Grand Lake-Gagetown - new district, territory currently represented by ~ 70% Liberal, 30% PC

The Grand Lake portion of this riding was won 2 to 1 by Liberal McGinley last time so I am tempted to call this a safe Liberal seat. McCready's father hasn't been on the ballot since 1982 and it was a much different riding (I need to look and see exactly where he represented) so I think McGinley could fend him off. On the other hand, Jack Carr is not only Jody's brother, he is his identical twin. If he wins the nomination, he'll do very well in the Gagetown-area polls and that could make this a close race. Changed to leans Liberal on August 29 and to safe Liberal on September 10.
Fredricton-Nashwaaksis - currently Liberal

Though I think Liberal T.J. Burke should be safe here, Fredericton North (just recently renamed) has not re-elected a member or a party since 1982. I'll take a closer look at this later but for now it is in the watchable column. Moved to leans Liberal on September 8 and to safe Liberal on September 10.
Fredericton-Lincoln - new district, territory currently represented by ~ 60% Liberal, 40% PC

New district, if Greg Byrne is the Liberal candidate as suggested by the media then this is an easy win for the Liberals.
Fredericton-Silverwood - currently PC

Brad Green is in deep trouble here. He only managed 38% of the vote in 2003 despite facing a weak Liberal candidate. With the NDP likely to, at best, hold there vote from '03 (22%) and likely to lose some, it should be winnable for Liberal Anne Bertrand. If the NDP manages to keep their vote high or increase it slightly, Green could narrowly win on a vote split but I don't expect that to happen. I will call this a Liberal gain. Dennis Atchison will be the NDP candidate here and could do very well allowing a vote split. Changed to too close to call on August 17 and then to leans PC on September 6 and back to too close to call on September 10. In the final prediction it was declared, reluctantly, leans NDP and listed as one of ten "ridings to watch" on September 17.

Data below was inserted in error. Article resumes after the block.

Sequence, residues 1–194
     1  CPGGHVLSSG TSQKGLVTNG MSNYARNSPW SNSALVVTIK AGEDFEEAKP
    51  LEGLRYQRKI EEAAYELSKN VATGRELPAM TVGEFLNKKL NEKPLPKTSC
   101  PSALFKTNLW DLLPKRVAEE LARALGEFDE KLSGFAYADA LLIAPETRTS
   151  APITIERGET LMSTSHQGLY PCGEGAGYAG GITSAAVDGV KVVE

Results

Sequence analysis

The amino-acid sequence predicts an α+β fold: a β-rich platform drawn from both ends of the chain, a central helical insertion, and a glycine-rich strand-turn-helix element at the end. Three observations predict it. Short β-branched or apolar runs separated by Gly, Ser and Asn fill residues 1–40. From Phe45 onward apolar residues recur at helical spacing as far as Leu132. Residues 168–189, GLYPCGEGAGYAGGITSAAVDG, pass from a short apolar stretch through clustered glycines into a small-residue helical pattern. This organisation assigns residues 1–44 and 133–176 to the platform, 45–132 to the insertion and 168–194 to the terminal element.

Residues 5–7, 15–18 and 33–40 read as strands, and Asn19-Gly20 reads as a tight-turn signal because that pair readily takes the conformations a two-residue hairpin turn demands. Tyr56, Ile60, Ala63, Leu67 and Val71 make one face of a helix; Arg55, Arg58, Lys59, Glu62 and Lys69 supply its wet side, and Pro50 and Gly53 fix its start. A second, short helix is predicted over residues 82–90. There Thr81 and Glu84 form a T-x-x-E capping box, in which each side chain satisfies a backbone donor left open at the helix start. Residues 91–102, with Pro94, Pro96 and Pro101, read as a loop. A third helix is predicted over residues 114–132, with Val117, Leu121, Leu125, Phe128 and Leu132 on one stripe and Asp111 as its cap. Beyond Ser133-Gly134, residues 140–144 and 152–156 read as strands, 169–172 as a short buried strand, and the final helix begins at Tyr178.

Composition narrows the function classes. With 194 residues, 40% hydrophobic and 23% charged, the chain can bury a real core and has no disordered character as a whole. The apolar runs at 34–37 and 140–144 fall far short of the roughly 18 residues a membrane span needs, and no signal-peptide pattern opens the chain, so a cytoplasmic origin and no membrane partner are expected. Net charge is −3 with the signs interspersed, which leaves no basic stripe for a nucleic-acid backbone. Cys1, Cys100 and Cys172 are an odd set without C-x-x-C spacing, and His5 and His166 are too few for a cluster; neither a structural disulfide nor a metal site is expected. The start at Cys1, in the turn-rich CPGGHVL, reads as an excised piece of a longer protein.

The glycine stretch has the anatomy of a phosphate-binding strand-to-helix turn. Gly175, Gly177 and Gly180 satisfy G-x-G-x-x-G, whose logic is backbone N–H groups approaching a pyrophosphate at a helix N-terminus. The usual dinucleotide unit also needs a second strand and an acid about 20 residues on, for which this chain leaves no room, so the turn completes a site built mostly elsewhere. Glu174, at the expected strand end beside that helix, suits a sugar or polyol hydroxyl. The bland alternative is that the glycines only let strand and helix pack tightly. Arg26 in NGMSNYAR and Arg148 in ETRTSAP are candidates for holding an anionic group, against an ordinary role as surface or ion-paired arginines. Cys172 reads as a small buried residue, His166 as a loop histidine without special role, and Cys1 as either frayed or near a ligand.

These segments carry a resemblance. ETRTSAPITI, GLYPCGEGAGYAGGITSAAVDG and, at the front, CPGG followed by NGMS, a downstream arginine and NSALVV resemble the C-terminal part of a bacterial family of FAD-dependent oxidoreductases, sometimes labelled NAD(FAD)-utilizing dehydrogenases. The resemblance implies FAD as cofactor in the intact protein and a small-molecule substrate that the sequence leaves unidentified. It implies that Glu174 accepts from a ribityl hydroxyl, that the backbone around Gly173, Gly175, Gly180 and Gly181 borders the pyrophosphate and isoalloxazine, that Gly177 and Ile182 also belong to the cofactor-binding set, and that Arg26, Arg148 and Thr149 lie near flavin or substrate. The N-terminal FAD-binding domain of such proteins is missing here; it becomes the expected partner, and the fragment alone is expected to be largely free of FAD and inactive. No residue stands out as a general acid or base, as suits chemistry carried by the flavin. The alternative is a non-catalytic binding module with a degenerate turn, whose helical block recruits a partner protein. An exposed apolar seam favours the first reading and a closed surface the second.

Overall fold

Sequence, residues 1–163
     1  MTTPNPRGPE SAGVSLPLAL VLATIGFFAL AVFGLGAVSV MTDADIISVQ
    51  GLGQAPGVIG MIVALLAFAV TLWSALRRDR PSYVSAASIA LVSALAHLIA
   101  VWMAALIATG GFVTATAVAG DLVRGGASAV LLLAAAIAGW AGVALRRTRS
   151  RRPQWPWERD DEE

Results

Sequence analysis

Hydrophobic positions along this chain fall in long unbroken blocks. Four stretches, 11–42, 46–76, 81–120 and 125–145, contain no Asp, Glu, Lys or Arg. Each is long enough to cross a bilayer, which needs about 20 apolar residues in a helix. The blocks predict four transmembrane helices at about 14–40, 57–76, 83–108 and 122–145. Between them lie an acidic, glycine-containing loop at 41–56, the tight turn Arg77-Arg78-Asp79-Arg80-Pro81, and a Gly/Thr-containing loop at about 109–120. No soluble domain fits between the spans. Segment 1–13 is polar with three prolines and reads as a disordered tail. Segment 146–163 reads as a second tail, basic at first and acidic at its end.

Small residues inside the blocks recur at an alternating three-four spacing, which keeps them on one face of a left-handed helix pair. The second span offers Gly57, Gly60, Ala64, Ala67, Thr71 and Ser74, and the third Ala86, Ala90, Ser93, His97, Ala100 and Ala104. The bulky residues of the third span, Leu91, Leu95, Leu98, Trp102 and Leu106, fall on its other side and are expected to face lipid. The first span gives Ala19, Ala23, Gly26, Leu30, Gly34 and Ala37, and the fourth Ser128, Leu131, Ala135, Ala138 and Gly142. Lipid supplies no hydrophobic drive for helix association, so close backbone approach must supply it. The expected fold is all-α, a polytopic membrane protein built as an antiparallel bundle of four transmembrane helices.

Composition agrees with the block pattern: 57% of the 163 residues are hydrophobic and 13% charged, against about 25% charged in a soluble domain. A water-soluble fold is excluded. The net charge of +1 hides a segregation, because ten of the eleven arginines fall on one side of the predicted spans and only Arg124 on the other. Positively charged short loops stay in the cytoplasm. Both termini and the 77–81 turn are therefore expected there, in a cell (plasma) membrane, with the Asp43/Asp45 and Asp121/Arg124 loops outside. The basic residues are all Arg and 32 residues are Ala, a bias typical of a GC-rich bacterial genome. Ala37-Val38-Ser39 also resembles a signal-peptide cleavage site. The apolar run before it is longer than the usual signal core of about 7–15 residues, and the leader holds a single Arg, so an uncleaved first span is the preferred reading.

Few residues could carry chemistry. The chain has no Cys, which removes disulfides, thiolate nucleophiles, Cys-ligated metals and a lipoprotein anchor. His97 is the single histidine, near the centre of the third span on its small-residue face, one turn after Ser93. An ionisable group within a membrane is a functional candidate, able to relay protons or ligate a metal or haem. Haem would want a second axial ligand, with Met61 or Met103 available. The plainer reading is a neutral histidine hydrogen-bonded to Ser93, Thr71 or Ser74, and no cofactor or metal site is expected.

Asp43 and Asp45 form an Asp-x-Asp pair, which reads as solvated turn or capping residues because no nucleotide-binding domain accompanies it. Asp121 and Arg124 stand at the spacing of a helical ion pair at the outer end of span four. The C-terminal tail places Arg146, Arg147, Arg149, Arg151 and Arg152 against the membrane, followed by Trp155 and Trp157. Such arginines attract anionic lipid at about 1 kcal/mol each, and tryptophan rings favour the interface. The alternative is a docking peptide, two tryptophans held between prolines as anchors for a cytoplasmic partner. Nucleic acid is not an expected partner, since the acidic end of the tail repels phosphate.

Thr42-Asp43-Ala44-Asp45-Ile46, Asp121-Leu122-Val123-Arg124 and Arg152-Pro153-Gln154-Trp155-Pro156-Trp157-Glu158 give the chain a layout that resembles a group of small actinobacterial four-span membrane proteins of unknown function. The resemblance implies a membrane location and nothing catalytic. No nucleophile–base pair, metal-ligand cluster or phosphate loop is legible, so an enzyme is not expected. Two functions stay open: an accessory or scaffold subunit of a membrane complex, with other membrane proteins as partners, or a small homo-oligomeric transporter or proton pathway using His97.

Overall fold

York - currently Liberal *incumbent retiring

York like Fredericton North and Shippigan is notorious for changing parties every election. Coupled with the retiring incumbent, the loss of Liberal-leaning Nackawic from the district and no apparent strong Liberal candidate. I'll call this a Tory gain pending the selection of candidates. Moved to too close to call on September 10 but back to leans PC September 15. Marked as one of ten "ridings to watch" on September 17.
York North - currently PC

Kirk MacDonald won re-election by only about 100 votes last time and has picked up some Liberal-leaning areas from Nackawic. The Tories, under his department though, have done some good work getting the Nackawic mill up and running so I suspect that this will be a Tory hold. Changed to safe PC (from leans PC) on September 7. In the final prediction however, it was marked as leans PC as one of 10 "ridings to watch" on September 17.
Woodstock - currently PC

Hospitals, hospitals, hospitals. Unless the Liberals choose a really bad candidate (which they did in 2003) then this is an easy Liberal pickup. Moved to safe Liberal.
Restigouche-La-Vallée - new district, territory currently represented by ~ 50% PC, 50% Liberals